By Greg Kellner, Senior Assistant Director
Summer 2012 began for me at the end of May. I’ve spent the past two months pouring over every inch of camp, preparing for the summer and then ensuring that everything continues to flow smoothly. One of the first things I did when I moved up to camp was worked with Vivian, a local organic farmer and longtime friend to get our garden planted early enough so campers would enjoy what it would provide.
A couple of days ago, in my travels around camp, I stumbled upon Mike Fixler’s* “Tikkun Olam Actions” Olim Kesher group, specializing in animals, eco-kashrut, and on this particular day, our Crane Lake garden. Located at the intersection of Boys’ and Girls’ Rows, the garden is a place that has a lot of foot traffic continually passing by, but only a few camp community members are directly involved in its maintenance. We planted the garden in May but I didn’t think there was a lot of yield there yet. When I had a closer look I saw that there were all different types of squash, zucchini, cucumbers, and beans, ready to be harvested. Tomatoes had grown to a point that they needed to be posted and tied to hold them up, and the garden clearly needed to be watered more than once a day, due to the dry spell we’ve been experiencing.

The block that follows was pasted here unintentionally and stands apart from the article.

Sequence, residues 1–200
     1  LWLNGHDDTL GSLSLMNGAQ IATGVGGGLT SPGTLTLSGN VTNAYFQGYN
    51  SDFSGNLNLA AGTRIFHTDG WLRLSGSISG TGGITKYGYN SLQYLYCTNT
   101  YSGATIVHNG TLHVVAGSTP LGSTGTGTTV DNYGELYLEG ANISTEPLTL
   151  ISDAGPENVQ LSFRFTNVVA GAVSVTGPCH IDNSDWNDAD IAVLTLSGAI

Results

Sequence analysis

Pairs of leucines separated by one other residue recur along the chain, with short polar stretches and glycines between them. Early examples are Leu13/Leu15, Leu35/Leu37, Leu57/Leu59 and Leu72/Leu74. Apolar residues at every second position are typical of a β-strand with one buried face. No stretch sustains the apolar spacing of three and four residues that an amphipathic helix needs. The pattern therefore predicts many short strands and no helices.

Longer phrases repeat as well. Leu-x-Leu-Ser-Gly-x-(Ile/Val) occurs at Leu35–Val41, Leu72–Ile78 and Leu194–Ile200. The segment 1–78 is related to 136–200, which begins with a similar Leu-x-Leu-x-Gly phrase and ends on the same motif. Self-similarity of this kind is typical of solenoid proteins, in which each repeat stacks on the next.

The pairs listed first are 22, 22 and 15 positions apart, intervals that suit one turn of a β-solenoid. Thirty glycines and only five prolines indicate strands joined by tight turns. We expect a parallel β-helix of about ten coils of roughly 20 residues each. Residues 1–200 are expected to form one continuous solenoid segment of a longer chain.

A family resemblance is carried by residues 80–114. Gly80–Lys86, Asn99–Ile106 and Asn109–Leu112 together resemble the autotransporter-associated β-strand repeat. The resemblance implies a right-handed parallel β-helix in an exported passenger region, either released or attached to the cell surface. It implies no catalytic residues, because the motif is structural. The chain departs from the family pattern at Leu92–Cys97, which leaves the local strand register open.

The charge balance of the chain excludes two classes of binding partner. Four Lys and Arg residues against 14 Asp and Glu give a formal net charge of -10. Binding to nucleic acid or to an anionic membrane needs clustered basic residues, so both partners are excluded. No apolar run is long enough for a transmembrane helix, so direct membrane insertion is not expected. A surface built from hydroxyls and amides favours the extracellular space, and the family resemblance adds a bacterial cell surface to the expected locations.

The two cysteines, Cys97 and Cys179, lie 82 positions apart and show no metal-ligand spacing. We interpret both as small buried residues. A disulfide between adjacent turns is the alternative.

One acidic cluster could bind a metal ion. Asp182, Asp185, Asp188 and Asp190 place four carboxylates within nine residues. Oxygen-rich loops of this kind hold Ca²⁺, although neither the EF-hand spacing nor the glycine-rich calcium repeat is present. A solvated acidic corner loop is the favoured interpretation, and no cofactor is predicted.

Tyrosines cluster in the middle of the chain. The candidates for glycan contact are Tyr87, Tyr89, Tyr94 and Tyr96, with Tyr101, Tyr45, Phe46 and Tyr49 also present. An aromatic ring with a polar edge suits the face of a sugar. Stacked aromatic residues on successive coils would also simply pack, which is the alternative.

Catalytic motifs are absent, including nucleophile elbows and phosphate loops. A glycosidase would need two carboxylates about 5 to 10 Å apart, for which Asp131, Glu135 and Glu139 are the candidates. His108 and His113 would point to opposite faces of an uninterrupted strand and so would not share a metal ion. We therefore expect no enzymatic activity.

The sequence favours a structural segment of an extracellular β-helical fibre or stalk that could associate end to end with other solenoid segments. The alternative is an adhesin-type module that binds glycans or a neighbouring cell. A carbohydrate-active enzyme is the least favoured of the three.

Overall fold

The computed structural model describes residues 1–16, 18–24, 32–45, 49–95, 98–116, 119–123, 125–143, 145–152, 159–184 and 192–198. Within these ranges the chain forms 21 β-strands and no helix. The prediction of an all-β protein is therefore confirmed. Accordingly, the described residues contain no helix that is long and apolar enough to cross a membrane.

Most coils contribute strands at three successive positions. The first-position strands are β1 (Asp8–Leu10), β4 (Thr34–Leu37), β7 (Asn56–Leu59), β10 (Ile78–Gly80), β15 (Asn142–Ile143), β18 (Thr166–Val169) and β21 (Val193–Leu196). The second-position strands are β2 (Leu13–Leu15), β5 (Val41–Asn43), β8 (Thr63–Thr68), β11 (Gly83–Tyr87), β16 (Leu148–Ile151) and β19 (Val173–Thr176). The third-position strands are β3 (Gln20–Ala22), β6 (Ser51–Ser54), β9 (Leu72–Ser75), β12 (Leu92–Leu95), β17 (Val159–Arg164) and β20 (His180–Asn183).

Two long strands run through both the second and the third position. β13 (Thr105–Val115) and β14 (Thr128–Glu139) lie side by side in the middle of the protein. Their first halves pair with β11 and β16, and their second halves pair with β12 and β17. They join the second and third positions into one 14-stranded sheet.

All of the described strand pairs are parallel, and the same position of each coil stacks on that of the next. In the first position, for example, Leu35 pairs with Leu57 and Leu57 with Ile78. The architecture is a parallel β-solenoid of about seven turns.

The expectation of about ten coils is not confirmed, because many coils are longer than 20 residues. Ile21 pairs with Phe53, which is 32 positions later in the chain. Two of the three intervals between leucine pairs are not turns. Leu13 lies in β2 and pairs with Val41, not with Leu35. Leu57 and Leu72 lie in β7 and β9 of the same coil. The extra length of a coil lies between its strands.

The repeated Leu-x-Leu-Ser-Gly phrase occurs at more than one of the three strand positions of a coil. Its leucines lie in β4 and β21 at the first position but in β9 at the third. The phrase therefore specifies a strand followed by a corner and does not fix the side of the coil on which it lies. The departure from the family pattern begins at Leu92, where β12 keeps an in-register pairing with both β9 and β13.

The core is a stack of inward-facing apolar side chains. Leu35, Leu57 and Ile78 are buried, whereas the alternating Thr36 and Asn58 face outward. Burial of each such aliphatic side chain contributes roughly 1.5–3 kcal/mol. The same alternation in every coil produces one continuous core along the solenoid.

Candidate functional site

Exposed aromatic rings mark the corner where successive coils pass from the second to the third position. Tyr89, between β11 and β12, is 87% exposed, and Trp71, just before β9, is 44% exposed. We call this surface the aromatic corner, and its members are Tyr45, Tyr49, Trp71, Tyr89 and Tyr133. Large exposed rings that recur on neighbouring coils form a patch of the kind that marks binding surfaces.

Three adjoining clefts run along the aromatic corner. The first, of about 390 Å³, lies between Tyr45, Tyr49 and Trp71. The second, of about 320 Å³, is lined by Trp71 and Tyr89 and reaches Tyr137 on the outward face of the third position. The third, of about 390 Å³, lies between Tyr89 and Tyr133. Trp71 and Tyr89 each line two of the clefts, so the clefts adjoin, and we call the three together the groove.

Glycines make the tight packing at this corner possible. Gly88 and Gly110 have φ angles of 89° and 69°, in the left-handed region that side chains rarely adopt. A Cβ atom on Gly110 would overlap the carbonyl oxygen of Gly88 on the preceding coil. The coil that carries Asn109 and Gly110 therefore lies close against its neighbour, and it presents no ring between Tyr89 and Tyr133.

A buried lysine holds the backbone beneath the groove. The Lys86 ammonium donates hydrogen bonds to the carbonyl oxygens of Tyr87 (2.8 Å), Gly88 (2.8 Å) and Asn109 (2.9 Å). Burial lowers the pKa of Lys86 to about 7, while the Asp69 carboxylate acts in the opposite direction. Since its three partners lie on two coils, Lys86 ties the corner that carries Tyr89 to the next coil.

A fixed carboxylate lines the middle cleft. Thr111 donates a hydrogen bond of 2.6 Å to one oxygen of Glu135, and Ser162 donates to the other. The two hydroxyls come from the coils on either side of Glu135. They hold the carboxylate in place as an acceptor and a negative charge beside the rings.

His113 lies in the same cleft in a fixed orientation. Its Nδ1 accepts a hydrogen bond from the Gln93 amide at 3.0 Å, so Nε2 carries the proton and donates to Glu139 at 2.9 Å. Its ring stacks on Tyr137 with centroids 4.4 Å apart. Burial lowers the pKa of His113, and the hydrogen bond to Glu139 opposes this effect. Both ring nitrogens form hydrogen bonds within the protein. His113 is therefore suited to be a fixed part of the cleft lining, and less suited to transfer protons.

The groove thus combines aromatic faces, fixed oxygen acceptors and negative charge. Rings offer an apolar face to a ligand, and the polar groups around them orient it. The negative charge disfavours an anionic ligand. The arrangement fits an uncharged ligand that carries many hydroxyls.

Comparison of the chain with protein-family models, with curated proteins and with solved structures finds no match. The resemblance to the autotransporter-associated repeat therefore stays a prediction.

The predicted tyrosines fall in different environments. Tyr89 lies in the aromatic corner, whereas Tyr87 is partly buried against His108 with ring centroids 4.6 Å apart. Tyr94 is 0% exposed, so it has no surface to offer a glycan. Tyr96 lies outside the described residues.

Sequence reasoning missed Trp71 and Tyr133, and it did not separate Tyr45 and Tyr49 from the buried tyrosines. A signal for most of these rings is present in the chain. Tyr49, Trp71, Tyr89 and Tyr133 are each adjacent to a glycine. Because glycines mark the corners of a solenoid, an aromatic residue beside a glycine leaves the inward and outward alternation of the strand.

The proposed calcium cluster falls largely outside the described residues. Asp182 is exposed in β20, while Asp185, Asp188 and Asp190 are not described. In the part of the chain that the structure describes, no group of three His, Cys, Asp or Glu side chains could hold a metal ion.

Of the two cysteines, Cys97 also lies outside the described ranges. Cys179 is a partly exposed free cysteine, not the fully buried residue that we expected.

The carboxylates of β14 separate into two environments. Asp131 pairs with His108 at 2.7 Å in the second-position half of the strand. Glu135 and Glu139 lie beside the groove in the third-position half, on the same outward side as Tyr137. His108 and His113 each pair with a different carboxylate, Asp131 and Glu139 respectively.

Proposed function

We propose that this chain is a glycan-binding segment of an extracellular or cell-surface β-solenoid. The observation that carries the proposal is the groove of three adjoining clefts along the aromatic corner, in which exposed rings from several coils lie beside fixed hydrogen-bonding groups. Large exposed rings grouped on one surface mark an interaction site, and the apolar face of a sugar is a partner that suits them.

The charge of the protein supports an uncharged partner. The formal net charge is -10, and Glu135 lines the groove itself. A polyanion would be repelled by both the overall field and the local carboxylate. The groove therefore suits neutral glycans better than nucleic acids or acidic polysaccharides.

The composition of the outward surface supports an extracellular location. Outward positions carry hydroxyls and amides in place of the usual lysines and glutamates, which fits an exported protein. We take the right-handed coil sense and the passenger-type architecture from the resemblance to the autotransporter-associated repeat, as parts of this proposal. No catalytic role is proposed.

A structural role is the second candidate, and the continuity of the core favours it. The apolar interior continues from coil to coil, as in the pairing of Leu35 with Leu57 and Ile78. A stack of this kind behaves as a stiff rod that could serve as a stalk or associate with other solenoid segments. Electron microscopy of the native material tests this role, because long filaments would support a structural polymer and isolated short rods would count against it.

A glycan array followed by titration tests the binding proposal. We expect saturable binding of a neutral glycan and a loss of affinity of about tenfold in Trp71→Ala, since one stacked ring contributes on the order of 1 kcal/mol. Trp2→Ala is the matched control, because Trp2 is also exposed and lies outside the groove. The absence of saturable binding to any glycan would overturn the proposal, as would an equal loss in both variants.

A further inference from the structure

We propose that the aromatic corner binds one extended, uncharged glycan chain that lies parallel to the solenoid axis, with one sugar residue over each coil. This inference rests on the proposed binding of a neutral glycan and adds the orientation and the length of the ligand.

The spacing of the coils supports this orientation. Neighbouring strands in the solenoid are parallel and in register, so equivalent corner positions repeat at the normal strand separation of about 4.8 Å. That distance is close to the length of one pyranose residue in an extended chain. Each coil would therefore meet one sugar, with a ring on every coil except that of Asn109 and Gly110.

At the beginning of the Kesher period, the campers were interested but distanced themselves from the project. By the end, after Mike and I had shown them how much they can eat right off of the plants, they were fascinated, and completely hooked on the concept of plant-to-plate eating. Yellow cucumbers (bet you never saw a yellow cucumber before!), dragontongue beans (similar to snap peas), patty pan/sunburst squash…our campers were intrigued by these diverse vegetables they’d never experienced before. They became interested in spending more time in the garden, and even cooking with the vegetables we’d grown. As I continued walking through camp, carrying some of our bounty, I was continually stopped by people wanting to know about the vegetables I was carrying. As I explained, the garden fever grew! Everyone was so excited to hear about the success of the garden. It was truly an incredible afternoon, sharing the best of experiential education and environmentalism with our campers.
Campers will continue to work in the garden and our K’far Teva cookouts will feature produce from our garden along with other produce from Farm Girl Farm, a local organic farm in Great Barrington, MA. We’ll continue to update you with news from the garden. Other plants we’re enjoying include cherry tomatoes, heirloom tomatoes, tomatillos, green and red peppers, sunflowers, and broccoli!
*Mike Fixler is a member of our faculty, and an educator at Temple Concord in Syracuse, NY